White Fragility: A 2-Part Performance Workshop

February 20+21, 2017
The Rotunda • 4014 Walnut St.
with Hariprasad Kowtha,
Morgan FitzPatrick Andrews
and Natasha Cohen-Carroll
*Follow-up showing on April 3
at FringeArts • 140 N. Columbus
White Fragility is a state in which even a minimum amount of racial stress becomes intolerable, triggering a range of defensive moves. These moves include the outward display of emotions such as anger, fear, and guilt, and behaviors such as argumentation, silence, and leaving the stress-inducing situation.” 

     —Robin DiAngelo

For two evenings in February 2017 two dozen people joined Philadelphia Theatre of the Oppressed's first public workshop on White Fragility. In part one, popular education and theatre games built group solidarity before chipping away at the iceberg of whiteness—that which we see manifests as white fragility, white beneath the surface lie dense systems of white supremacy. We shared Robin DiAngelo's definition (above) before unpacking ten manifestations of white fragility through discussion and Image Theatre:


  1. White Objectivity: Belief suggesting that a white person’s viewpoint is objective; that it does not come from a racialized frame of reference
  2. White Racial Comfort/White Racial Expectations: Expectation that People of Color protect white racial perspectives/white racial feelings
  3. White Racial Codes: Belief that People of Color may not talk directly about their racial perspective; they may only talk about it vis-a-vis whiteness
  4. White Solidarity: Belief and Experience that fellow whites will agree to one’s racial perspective and racialized interpretations.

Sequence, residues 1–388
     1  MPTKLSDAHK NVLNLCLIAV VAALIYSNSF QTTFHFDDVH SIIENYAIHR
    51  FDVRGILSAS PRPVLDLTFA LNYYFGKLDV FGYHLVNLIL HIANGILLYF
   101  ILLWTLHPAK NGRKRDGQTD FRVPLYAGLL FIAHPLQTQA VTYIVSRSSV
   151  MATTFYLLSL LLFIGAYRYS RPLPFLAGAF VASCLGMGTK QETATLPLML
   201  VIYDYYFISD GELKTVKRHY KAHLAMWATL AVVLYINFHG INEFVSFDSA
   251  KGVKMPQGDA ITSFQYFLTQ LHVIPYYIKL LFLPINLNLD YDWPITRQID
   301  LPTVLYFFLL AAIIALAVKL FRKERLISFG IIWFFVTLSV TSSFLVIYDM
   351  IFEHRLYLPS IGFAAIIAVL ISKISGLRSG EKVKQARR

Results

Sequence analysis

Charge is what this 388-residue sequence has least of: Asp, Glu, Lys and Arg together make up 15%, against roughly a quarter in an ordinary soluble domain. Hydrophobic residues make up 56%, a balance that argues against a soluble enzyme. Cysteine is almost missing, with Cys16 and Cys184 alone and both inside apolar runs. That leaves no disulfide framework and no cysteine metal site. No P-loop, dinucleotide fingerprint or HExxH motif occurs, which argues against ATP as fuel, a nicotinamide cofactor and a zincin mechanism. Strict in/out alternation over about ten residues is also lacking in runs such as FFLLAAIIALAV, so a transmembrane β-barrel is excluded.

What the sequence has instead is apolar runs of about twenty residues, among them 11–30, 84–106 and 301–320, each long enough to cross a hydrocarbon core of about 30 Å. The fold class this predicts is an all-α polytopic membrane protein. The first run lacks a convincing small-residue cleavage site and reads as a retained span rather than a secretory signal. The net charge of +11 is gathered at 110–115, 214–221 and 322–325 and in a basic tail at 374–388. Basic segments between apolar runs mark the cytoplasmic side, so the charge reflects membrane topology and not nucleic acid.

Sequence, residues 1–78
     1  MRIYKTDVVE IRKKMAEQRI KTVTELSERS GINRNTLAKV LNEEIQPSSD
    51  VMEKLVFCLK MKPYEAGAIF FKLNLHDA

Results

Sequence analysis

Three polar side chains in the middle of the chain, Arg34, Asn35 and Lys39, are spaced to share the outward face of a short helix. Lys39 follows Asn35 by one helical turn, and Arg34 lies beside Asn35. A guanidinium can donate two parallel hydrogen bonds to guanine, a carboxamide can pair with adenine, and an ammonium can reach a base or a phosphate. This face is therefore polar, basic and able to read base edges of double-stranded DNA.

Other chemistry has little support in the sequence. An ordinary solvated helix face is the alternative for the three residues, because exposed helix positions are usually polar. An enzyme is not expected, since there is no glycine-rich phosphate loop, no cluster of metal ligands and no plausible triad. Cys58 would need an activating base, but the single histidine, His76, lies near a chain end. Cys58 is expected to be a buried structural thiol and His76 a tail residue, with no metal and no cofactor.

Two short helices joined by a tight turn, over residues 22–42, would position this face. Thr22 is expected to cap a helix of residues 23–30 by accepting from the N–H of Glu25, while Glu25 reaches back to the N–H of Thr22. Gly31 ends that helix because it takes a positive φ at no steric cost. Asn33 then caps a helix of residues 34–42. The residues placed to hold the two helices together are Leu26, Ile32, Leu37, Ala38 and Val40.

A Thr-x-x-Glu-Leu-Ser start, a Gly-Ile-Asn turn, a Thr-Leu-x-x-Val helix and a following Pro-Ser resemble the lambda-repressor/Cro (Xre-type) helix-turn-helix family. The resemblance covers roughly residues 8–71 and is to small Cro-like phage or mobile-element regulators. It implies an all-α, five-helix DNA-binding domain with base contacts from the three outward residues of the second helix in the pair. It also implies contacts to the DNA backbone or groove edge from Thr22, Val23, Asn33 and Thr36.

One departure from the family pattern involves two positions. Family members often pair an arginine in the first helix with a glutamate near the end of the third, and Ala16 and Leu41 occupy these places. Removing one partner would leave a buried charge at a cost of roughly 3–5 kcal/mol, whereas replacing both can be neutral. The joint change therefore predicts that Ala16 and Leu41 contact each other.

5. White Appropriation and Colonialism: Belief that People of Color will tell whites their stories or answer questions about their racial experiences when asked. 
  6. White Liberalism: Inability for whites to receive feedback that their well-intentioned behavior had a racist impact.
  7. Individualism: Belief that white people do not belong to a racial group
  8. Meritocracy: Belief that hard work alone is responsible for one’s success or one’s wealth and that racial inequality can be overcome through hard work. 
  9. White Authority: Belief that whites alone should occupy positions of leadership
  10. White Centrality: Belief that stories are automatically about white characters when characters’ skin color is not mentioned and People of Color play stereotypical roles within these stories, but do not drive the action

In part two we flipped over the coin of white fragility to unpack forms of internalized oppression that sometimes uphold white supremacy. We used this working definition:
  • Internalized Racism: The conscious or unconscious assimilation of racist attitudes or beliefs by people in the subordinate or dominant group towards members of their own ethnic group, including themselves. This can include the belief in ethnic stereotypes relating to their own group.
The group then created the beginnings of little vignettes that made the invisible visible (and sometimes even comical) as tools for interrupting and dismantling racism. T.O. Philly will be condensing these into a short overview of things generated from this workshop as part of Scratch Night on April 3 at FringeArts, 140 Columbus Boulevard. This event is free. See FringeArts' website for more info.

White Fragility is an ideal companion to our Unpacking Race series, both for people who will be joining T.O. Philly for Unpacking Race in March, as well as those who have Unpacked Race with us in the past. Part of our White Fragility workshop was filmed to document the ongoing work of Philadelphia Theatre of the Oppressed. 

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